In December 1994, Human Rights Day dawned and merged with dusk like any other day then in Kashmir – gripped with palpable fear and uncertainty. There were no scheduled public gatherings. There were no commemorations. And there were almost no observances held against human rights violations in the valley, given the threatening situation around.
That day Khazir Mohammad Aakhoon, a driver from Wethpora Srinagar, like many others, preferred to stay indoors to save his skin from the wrath of forces stationed on the streets, inside bunkers and on the road sides.
But four days later, he could no longer save himself. Brutally dragged out of his home in the dead of the night, he was killed mercilessly…
It was late evening of December 14. Streets and roads had assumed a haunted look. Some dogs were barking occasionally to shatter the silence of the night. Sand bunkers ringed with concertina wires and dotted with empty wine bottles were default night watchmen. Inside bunkers, forces stood alert, guarding the dark streets with fingers on cocked-guns.
A few steps away, Aakhoon house was dimly lit like many surrounding houses. And under the faded light, family members were talking in hushed tones, quite aware that their loud vocals might irk forces stationed inside bunkers.
And then, suddenly some noises were heard near the main door of Aakhoon house. The incoming sounds were enough to numb female members with fear. All faces inside the house turned pale with fright. The male counterparts were equally terrified, yet were attempting to mask up brave faces. And then somebody shouted near the door while knocking it violently: “Darwaaza kholoo (Open the door).” The elder of the house stepped forward to unbolt the door.
It was N. Vidya Sagar, 2nd Lieutenant 125th Battalion J&K Light Infantry Army, who was standing tall with his men on other side of the door. In that haunting night, Sagar was blood thirsty. He wanted to spill blood inside the dark cover. He pushed the elder of Aakhoon family aside and barged into the house. His entry filled the room with shrieks and wails.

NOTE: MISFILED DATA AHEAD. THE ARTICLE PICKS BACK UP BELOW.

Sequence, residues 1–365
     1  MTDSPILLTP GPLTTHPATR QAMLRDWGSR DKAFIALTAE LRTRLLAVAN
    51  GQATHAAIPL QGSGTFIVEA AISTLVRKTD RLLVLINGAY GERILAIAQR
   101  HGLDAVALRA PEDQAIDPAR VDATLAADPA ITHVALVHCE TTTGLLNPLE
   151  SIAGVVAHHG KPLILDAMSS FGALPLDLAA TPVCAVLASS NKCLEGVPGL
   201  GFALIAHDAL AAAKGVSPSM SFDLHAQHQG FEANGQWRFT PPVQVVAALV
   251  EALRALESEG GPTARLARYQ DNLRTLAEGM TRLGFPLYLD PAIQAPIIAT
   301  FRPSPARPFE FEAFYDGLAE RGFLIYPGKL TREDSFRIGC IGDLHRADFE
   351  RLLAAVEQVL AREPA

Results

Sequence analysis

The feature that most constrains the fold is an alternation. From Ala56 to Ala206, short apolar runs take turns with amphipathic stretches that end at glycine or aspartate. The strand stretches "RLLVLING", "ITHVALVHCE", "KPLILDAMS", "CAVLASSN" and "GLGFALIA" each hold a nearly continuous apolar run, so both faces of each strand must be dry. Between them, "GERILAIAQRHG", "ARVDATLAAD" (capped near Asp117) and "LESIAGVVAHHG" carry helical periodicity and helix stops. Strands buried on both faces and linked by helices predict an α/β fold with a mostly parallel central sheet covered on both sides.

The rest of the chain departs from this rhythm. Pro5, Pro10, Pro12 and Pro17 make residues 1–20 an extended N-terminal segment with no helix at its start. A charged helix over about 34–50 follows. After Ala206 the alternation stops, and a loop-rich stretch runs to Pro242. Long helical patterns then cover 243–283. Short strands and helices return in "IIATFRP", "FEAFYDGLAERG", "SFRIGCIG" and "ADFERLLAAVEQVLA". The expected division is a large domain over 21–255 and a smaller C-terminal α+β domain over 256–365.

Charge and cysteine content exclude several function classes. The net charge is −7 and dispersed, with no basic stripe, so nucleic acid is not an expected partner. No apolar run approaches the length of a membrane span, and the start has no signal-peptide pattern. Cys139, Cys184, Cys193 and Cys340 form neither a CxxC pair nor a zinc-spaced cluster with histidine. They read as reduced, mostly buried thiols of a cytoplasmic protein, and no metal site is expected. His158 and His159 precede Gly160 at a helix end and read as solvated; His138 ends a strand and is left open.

Women pleaded before him in broken Urdu: “Sahab Ji, hum ne kuch nahi kiya (Sir, we are innocents).” The pleading voices were heart-wrenching. But Lieutenant didn’t move. He grabbed the son of Aakhoons and dragged him outside the home quite mercilessly. The family raised cries, but no one from the neighbourhood came to their rescue for obvious reasons. Khazir was taken to an isolated location nearby and after half an hour, his family heard gun shots. His bullet perforated body was left abandoned in the dark cover with blood oozing thick and fast from his body defying the chill of December.
In that night, nobody dared to step out of their homes. And at the crack of the dawn when the grieved family stepped out, they found their son lying dead over the thick red layer. The fears which had crossed their minds throughout the night had now turned into a reality. Their son was terminated for the offense which is still mystery for them. After momentarily mourning, the painful void left behind in Aakhoon family got never healed.
What followed after the murder was a clear case of delaying and subsequently, denying the justice.
The same day, the slain man’s brother lodged an FIR no. 384/1994 u/s 364 [Kidnapping/ Abducting to murder], 354 [Assault / Criminal force to a woman with an intent to outrage modesty], 457, 307 [Attempt to murder], 427 [Mischief causing damage of Rs 50 and upwards], 302 [Murder] Ranbir Penal Code, 1989 [RPC] at Sadder Police Station, Srinagar.
The Police record reveals that investigation was closed as charge-sheet and sanction for prosecution under Armed Forces Special Powers Act, 1990 [AFSPA] was sought.
The available documents from the Ministry of Defense do not mention this case at all. Thereby, suggesting that the case was never received on their end. If at all received, the Ministry of Defense has taken 16 years to process the grant or decline the sanction.
Subjected to abduction and extra-judicial killing, the family of Khazir Mohammad Aakhoon is still awaiting justice, which is too reluctant to show up.
The case clearly reflects the conduct of the Ministry of Defence suggesting that even crimes committed by armed forces personnel outside their official duty continue to be shielded by AFSPA.